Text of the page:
The Learning Wave first featured in the EEO Trust Work & Life Awards in 2009, when its client Downer won the Skills Highway Award for their Way2Work learning programme. Downer achieved groundbreaking results lifting the literacy and numeracy skills of over 1,000 employees, 71% of who had no educational qualifications. The need for today’s workers to control sophisticated machinery and manage serious risks on site made this an achievement that directly translated to productivity on site.

In 2011, it was the turn of another Learning Wave client. Highly Commended in the Skills Highway category, Stevenson Group won acclaim for its Stepping Up Together programme, which embedded literacy and numeracy skills in a series of learning modules aimed at lifting productivity by addressing the communication and problem solving skills needed at the frontline.

South Island Gold mining company Oceana Gold also won recognition as a 2012 finalist in the Skills Highway category. The company’s operator and supervisor skill development initiatives were designed and delivered by The Learning Wave. The Core skills programme and the First line Management level 3 programme were embedded with rich Literacy skill development and gave improvements across a broad range of fields including communication, health and safety reporting, IT skills and succession planning and a range productivity improvement projects.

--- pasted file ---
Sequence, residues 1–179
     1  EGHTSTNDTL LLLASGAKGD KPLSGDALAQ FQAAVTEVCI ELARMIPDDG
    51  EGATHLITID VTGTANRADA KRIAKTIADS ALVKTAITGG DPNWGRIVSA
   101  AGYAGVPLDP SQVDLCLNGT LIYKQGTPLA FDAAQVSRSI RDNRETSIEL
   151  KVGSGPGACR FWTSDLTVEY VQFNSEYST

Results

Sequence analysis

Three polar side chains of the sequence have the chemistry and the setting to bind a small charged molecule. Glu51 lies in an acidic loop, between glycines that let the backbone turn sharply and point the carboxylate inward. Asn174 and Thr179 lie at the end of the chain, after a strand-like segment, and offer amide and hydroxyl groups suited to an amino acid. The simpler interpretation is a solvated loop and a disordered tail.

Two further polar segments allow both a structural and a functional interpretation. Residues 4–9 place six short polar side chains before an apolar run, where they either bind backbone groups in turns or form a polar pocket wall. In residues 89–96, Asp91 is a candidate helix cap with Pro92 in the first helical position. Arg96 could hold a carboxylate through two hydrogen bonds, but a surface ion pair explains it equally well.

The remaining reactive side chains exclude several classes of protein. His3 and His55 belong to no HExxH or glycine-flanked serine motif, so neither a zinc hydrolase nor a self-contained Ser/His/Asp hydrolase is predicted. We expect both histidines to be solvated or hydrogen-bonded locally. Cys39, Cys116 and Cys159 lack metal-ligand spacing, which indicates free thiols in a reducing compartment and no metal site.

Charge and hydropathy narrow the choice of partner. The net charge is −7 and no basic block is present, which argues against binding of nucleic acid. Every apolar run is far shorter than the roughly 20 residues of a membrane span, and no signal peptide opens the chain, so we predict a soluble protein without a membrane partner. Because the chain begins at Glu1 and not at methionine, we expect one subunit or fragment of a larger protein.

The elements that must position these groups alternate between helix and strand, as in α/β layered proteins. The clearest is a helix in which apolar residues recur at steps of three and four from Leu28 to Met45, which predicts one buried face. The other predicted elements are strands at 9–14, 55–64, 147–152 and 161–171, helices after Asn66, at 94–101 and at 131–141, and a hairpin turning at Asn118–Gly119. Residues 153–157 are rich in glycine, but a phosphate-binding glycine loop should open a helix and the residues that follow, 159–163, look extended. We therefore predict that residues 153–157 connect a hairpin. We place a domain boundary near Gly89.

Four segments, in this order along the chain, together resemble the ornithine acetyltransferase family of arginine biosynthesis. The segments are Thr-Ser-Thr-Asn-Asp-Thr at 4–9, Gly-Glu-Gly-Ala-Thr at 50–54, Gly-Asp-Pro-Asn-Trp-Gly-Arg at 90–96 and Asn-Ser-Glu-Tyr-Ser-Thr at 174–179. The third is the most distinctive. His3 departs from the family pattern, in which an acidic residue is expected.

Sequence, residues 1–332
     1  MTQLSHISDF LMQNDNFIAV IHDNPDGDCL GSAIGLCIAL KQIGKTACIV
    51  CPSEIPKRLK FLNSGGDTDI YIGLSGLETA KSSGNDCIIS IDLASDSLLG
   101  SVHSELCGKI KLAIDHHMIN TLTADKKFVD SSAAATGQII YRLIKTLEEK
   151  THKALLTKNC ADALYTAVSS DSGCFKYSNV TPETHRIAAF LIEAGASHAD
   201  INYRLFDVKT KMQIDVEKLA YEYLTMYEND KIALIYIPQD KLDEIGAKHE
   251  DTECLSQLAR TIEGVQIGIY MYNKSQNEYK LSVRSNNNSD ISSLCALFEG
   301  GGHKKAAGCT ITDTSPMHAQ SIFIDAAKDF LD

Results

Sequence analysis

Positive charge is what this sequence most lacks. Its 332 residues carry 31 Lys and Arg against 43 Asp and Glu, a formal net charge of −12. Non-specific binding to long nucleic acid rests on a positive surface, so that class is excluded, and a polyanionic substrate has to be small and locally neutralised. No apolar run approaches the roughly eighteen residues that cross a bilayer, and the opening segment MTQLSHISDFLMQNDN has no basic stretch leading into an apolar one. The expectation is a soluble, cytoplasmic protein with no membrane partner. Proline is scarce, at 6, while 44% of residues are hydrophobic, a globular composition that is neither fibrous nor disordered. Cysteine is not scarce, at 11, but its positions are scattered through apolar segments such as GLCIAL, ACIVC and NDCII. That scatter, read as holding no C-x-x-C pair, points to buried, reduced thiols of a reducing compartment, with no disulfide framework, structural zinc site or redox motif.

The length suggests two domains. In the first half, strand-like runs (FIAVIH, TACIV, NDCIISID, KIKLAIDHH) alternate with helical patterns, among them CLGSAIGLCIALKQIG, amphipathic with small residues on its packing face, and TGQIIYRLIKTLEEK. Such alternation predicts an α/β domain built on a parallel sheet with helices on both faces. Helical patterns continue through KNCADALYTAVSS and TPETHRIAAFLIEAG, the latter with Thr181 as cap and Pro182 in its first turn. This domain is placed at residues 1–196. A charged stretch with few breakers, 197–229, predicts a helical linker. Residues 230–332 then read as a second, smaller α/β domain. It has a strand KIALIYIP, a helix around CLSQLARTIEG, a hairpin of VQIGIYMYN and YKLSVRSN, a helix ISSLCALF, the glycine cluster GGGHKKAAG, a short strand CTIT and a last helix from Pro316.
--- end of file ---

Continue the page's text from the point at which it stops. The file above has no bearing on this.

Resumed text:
These three companies are operating in the earthmoving and heavy machinery sector of the New Zealand economy. However, this year’s success with Pacific Homecare proves that workplace literacy is not just an issue for burly blokes in hard hats. Pacific Homecare mostly female and Pasifika workforce operates in the homes of its South Auckland clients, providing healthcare and practical support. Low levels of literacy and poor foundation skills, can be just as damaging to productivity and safe work practice here

So what are some of the performance-enhancing insights that have emerged over the last four years?

1. Technical training is not enough

Downer, Stevenson, Oceana Gold and Pacific Homecare might have looked at issues such as low compliance with on-the-job instruction and decided to equip employees with training in the particular systems the company used. However, this would not have addressed the root cause of poor compliance, which was low levels of literacy compounded by poor communication skills. To lift productivity on a broad front, an organisation needs to engage learners where they really need help.

2. Teach practical literacy, not just how to pass the test